Lake Granby

A Lake Granby Mackinaw. Photo by Jerry Neal/CPW.

This trophy Lake Granby Mackinaw was safely released and entered into CPW’s “Catch and Release” Master Angler program. Lake trout are a slow-growing species and can take decades to reach trophy size. Big “Macks” are a resource worth protecting. Photo by Jerry Neal/CPW.

Located 6 miles northeast of the town of Granby, Lake Granby is the second largest cold-water reservoir in the state (7,000 surface acres when full). It offers excellent fishing for rainbow, cutbow and large brown trout. Lake Granby also is one of the top Mackinaw fisheries in the entire country, producing fish in the 20- to 40-pound range. In recent years, however, Granby’s lake trout have fared a little too well, and the predatory macks have impacted the lake’s Kokanee salmon population. In order to maintain a better balance between the two species, CPW has encouraged anglers to harvest smaller-sized lake trout (fish under 19 inches). Anglers can expect fast action for the abundant smaller lakers and also have a good chance of catching the fish of a lifetime. Trolling with lures or casting Rapalas and Kastmasters from shore, using Gitzit jigs tipped with sucker meat and bait fishing with night crawlers and sucker meat, are all good methods to take fish at ice out. Check out this blog piece for more information about fishing Lake Granby in early spring.

Spinney Mountain State Park

Arguably Colorado’s most famous trout fishery, Spinney Mountain Reservoir is located in South Park east of Hartsel. The 2,450-acre reservoir offers fishing for large rainbow, cutbow and the occasional brown trout. Each spring, the reservoir’s annual opening is one of the most highly anticipated events among Colorado anglers. The fishing faithful line up at the park’s entrance before dawn on opening morning, hoping to be the first to cast a lure or fly to fish that have not seen a line nor hook since the previous fall (ice fishing is not permitted here). In the mid-80s and early 90s, Spinney was one of the premier trout fisheries in the western U.S., producing enormous rainbow trout and Snake River cutthroats. Today, the reservoir’s trout population is recovering after being impacted by predation from northern pike. Nevertheless, trout in excess of 10 pounds are still caught regularly here, making Spinney a top destination for springtime fishing. Spinney Mountain is restricted to flies and lures only and is a Gold Medal Water. Trolling with lures or fly fishing with Woolly Buggers, scuds, egg patterns and large streamers are all excellent methods in early spring. Anglers are encouraged to harvest all pike caught at Spinney Mountain.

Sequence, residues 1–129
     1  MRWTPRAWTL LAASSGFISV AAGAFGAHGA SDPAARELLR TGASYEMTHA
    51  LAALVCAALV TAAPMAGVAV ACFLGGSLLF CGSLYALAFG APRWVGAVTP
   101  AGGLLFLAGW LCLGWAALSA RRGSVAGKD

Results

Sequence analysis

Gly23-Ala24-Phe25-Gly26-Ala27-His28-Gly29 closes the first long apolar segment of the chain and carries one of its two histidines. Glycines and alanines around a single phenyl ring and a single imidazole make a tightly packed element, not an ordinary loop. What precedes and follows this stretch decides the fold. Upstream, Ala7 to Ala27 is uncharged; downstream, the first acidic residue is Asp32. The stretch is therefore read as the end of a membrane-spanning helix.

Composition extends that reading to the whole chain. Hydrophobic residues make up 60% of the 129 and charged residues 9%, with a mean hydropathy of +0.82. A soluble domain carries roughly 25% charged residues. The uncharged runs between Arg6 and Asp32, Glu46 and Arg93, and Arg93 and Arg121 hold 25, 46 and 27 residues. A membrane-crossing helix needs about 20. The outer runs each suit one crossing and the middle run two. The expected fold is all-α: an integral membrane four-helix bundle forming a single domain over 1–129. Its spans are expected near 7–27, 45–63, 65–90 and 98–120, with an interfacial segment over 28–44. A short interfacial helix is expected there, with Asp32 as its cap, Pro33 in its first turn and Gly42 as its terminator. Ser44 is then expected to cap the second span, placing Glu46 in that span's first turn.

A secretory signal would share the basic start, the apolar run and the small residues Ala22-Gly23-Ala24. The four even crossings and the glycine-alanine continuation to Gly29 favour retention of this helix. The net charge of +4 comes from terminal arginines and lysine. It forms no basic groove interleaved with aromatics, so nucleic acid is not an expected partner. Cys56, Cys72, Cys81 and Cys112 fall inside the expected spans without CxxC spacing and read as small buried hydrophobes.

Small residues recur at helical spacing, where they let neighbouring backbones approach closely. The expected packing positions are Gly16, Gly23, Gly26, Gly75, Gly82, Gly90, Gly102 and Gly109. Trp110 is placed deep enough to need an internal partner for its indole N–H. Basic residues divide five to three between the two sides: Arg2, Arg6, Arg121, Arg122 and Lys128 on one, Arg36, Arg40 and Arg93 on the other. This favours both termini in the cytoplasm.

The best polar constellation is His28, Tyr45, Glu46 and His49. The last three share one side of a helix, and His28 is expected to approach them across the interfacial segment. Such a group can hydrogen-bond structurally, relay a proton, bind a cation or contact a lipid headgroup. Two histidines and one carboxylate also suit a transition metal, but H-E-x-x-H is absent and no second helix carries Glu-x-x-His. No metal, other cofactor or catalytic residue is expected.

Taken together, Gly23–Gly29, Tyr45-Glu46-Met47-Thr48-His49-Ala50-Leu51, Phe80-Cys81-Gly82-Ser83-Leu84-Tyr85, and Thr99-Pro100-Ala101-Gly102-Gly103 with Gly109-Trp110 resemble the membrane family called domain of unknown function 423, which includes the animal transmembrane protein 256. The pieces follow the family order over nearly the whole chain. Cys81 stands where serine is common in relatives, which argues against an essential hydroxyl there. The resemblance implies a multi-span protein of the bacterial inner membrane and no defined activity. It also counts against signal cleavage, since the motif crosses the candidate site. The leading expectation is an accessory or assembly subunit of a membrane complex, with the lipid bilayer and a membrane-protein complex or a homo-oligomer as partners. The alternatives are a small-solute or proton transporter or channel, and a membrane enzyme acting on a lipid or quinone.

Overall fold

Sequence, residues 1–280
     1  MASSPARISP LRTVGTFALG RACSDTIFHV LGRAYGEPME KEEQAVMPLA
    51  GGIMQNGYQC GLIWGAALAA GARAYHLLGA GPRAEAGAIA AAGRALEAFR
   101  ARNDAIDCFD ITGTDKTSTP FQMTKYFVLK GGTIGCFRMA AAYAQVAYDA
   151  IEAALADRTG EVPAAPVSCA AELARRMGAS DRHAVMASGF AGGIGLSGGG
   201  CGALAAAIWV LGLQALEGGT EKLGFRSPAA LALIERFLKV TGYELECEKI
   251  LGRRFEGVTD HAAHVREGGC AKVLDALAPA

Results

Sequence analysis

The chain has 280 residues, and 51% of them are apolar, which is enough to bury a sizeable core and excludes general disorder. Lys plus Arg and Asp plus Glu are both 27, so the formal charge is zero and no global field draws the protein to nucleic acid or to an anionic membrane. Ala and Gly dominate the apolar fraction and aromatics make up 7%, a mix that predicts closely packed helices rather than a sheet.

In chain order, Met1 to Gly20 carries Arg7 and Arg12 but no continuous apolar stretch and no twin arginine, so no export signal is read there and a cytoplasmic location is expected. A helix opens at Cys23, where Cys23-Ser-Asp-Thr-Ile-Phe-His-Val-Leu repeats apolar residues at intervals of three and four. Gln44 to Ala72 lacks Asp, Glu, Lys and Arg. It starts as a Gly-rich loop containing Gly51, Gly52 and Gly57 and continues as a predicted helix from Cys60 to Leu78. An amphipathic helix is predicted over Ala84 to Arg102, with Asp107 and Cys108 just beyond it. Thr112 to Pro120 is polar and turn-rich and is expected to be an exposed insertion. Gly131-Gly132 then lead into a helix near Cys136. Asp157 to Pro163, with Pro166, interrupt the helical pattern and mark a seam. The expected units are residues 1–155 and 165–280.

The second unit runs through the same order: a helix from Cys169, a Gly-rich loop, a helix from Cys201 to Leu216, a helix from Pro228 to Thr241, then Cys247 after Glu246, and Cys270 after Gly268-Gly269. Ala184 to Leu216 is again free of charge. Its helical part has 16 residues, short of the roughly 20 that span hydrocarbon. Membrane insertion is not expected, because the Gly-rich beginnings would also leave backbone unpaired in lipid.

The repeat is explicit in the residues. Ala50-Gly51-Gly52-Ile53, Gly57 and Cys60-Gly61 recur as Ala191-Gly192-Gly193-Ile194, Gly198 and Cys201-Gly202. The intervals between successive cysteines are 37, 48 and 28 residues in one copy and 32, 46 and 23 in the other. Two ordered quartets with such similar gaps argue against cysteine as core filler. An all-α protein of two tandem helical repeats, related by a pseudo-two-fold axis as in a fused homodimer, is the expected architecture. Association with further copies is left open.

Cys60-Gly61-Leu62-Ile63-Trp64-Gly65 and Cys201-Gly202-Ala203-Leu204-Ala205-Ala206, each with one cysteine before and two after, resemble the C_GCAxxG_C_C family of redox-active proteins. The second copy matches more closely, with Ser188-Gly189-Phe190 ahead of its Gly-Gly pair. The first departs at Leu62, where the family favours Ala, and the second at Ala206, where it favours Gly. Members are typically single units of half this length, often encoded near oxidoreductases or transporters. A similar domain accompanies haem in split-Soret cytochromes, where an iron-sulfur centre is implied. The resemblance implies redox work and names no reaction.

Eleven Mile State Park

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A young angler poses proudly with an Eleven Mile Reservoir rainbow trout. Photo by CPW.

Located in South Park, Eleven Mile Reservoir provides quality fishing for rainbow, brown, cutbows and Snake River cutthroat trout. The 3,400-surface-acre reservoir is noted for producing big fish and has become the go-to spot for many South Park anglers. Each spring, fisherman routinely catch browns, rainbows and cutthroats in the 5- to 12-pound class. Eleven Mile is a prominent fixture in CPW’s Master Angler program, where Colorado anglers are recognized for catching trophy sized fish. The north shore, Cross Creek and Lazy Boy areas typically offer the most consistent action for fishing early season.

Blue Mesa Reservoir

Colorado's state-record Mackinaw caught at Blue Mesa in 2011

Colorado’s state-record Mackinaw caught at Blue Mesa in 2007 by Don Walker. Photo by CPW.